Indian Americans welcome move to distinguish Swastika from Nazi hate symbol, but not all

Ritu Jha-

California’s Assembly has become the first in the U.S. to acknowledge the difference between the Swastika, the Hindu religious symbol, and the Hakenkreuz (Hooked Cross), the widely reviled and hateful Nazi emblem.

The move has been welcomed by some Hindu advocacy organizations but other Hindu and Buddhist organizations are not pleased and have expressed their disappointment.

The Assembly passed Bill AB2282, authored by Assemblymember Rebecca Bauer-Kahan (D-Orinda), by 73 votes in favor and none against May 26.

The bill will now go to the California Senate Public Safety Committee, then the Senate Appropriations Committee, and finally the full Senate for a vote.

If it is passed by the Senate, it will go to Governor Gavin Newsom for his signature.  There is, however, no clear timeline for the process to be completed.

If the bill is passed by the Senate and signed by the Governor, the Swastika would officially cease to be seen as a symbol of hate and terror.

The Hindu American Foundation (HAF) welcomed the passage of the bill, but the Coalition of Hindus of North America (CoHNA) said it fails to do away with the term ‘Nazi Swastika’, continuing the association of the dharmic symbol with hate.

At present, the law treats the Swastika, the noose and the Hakenkreuz as symbols of terror, implying criminal penalties for using them in K-12 schools, colleges, cemeteries, places of worship, places of employment, private property, public parks, public spaces and public facilities.

Samir Kalra, HAF managing director, told indica that passage of the bill is an important first step in decriminalizing the Swastika and recognizing it as a sacred symbol of peace for Hindus, Jains and Buddhists under California law.

“We look forward to it moving through the Senate and being signed into law by the Governor,” Kalra said. “Once it is signed into law, it will protect Hindus, Jains and Buddhists and allow them to practice their traditions freely as they will no longer need to continuously defend and ‘prove’ the intent of their spiritual practice to the public or law enforcement.”

He said the HAF had been working for years to educate the public and policymakers on the significance of the Swastika and began working on the California bill in March.

However, Pushpita Prasad, steering committee member at the CoHNA, told indica, “We agree the bill is well-intentioned, but our primary objection lies in its opening line which declares ‘…Nazi Hakenkreuz (hooked cross) [is] also known as the Nazi Swastika that was the official emblem of the Nazi party’.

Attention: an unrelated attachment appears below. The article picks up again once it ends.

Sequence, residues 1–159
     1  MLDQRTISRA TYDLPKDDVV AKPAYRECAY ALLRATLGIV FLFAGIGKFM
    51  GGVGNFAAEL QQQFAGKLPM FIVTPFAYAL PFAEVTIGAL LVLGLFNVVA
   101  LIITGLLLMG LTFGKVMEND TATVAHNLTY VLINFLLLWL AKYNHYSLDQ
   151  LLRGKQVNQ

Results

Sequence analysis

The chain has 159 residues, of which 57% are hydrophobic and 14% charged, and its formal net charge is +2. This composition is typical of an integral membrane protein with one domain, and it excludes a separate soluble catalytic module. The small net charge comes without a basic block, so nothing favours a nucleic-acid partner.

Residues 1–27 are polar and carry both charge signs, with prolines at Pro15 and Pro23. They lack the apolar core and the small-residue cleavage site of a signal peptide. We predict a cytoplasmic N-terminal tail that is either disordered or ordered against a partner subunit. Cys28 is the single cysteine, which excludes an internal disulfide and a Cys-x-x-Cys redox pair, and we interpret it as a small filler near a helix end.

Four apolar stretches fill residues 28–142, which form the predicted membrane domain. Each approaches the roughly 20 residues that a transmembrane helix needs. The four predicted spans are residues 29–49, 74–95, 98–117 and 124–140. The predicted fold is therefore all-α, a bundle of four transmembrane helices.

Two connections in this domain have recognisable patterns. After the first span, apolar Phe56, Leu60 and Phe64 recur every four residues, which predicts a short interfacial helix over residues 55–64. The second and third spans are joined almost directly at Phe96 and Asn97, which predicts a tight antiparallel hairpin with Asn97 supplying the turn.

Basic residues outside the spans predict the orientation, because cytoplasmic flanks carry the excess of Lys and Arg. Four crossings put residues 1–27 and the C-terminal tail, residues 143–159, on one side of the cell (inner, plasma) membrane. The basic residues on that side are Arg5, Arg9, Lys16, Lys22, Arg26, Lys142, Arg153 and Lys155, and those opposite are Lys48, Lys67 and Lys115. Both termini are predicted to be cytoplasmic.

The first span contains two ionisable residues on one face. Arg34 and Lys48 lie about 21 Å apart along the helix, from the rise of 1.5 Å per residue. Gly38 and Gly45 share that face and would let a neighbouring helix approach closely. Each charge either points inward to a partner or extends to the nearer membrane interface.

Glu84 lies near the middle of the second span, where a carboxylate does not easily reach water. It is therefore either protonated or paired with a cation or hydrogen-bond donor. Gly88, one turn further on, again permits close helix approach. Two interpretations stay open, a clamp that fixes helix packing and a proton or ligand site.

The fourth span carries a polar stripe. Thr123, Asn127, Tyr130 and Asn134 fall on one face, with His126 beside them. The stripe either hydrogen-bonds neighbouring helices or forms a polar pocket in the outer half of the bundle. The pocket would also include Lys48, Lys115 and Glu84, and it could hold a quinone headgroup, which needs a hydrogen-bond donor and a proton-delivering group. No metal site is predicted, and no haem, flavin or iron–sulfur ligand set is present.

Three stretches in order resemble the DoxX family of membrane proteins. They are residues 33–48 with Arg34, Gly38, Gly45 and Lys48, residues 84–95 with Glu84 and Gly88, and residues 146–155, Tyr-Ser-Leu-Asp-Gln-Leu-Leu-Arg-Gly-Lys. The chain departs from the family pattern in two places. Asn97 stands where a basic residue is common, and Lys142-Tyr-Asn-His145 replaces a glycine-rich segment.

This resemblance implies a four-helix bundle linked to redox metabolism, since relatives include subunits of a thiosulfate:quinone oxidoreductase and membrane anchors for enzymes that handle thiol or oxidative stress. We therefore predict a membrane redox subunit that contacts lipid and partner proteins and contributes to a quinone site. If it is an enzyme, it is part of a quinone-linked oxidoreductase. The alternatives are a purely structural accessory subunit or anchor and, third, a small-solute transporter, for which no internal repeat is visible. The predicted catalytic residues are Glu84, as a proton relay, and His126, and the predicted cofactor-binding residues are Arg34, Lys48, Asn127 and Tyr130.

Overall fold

“This means the bill is only reinforcing and perpetuating the hateful narrative that ties the sacred symbol of Hindus, Buddhists and Jains to Hitler and the Nazi regime.”

In a press note, CoHNA president Nikunj Trivedi said, “In spite of claims that the bill has decriminalized the Swastika, the amended language continues to use the term ‘Nazi Swastika’. By passing the bill in its current form and failing to accommodate the concerns of Hindus, Buddhists and Jains in the language, the Assembly has essentially supported the false idea that there is a ‘good Swastika’ and a ‘bad Swastika’.”

Pushpita Prasad said the ‘Nazi Swastika’ claim flies in the face of research by CoHNA and others that have shown that Hitler and the Nazis called their symbol the Hakenkreuz, German for hooked cross.

She said CoHNA had been working with Assemblymember Bauer-Kahan, who introduced the bill, for the past two months. “We have briefed her office about the history of the sacred Swastika versus Hitler’s Hakenkreuz, something we have been doing as part of our Swastika Education and Awareness Campaign working with lawmakers in several other states that have considered similar legislation like New York, New Jersey and Maryland over the past two years,” Prasad said.

The CoHNA team shared old articles from the 1920s and 1930s from a variety of publications of that era. For instance, The New York Times coverage from Nov 21 1922 called Hitler’s movement the ‘Hakenkreuz movement’ and his followers ‘Hakenkreuzlers’, she pointed out.

“Thus, the term Nazi Swastika is plain wrong and deserves to be corrected for that reason alone, since it presumes there is a ‘good’ Swastika and a bad one that Hitler used,” she said.  “It is an incredibly hurtful term for millions of Buddhists, Hindus and Jains who over the decades have seen their sacred symbol get conflated with Hitlers’ hate.”

She said CoHNA wants the offending terms to be deleted altogether from the bill. If that is too difficult, CoHNA suggests a minor change in framing to say ‘Hakenkreuz, incorrectly known as the Nazi Swastika’. This, Prasad said, would help to drive more accurate education across the board.

While the bill has been passed by the Assembly and is headed to the Senate, she said CoHNA will continue to work with community members, allies and others to get the modifications done.

The bill is expected to address growing hate crimes against Indian Americans. Federal Bureau of Investigation (FBI) crime statistics report that hate crimes surged to the highest level in 12 years in 2020. This increase is likely a fraction of the many hate crimes that go unreported.

The HAF claimed that the Swastika (or Svastika) had been used for more than 10,000 years in the Indo-Gangetic civilizations. Similarly shaped symbols have been used in other cultures such as ancient Troy and by Native Americans for just as long.

Swastika in Sanskrit means ‘that which makes all well’. Su means ‘good’ and asti means ‘to exist’. The word appears in one of the most frequently used mantras from the Rig Veda (1.89.6), the oldest scripture known today.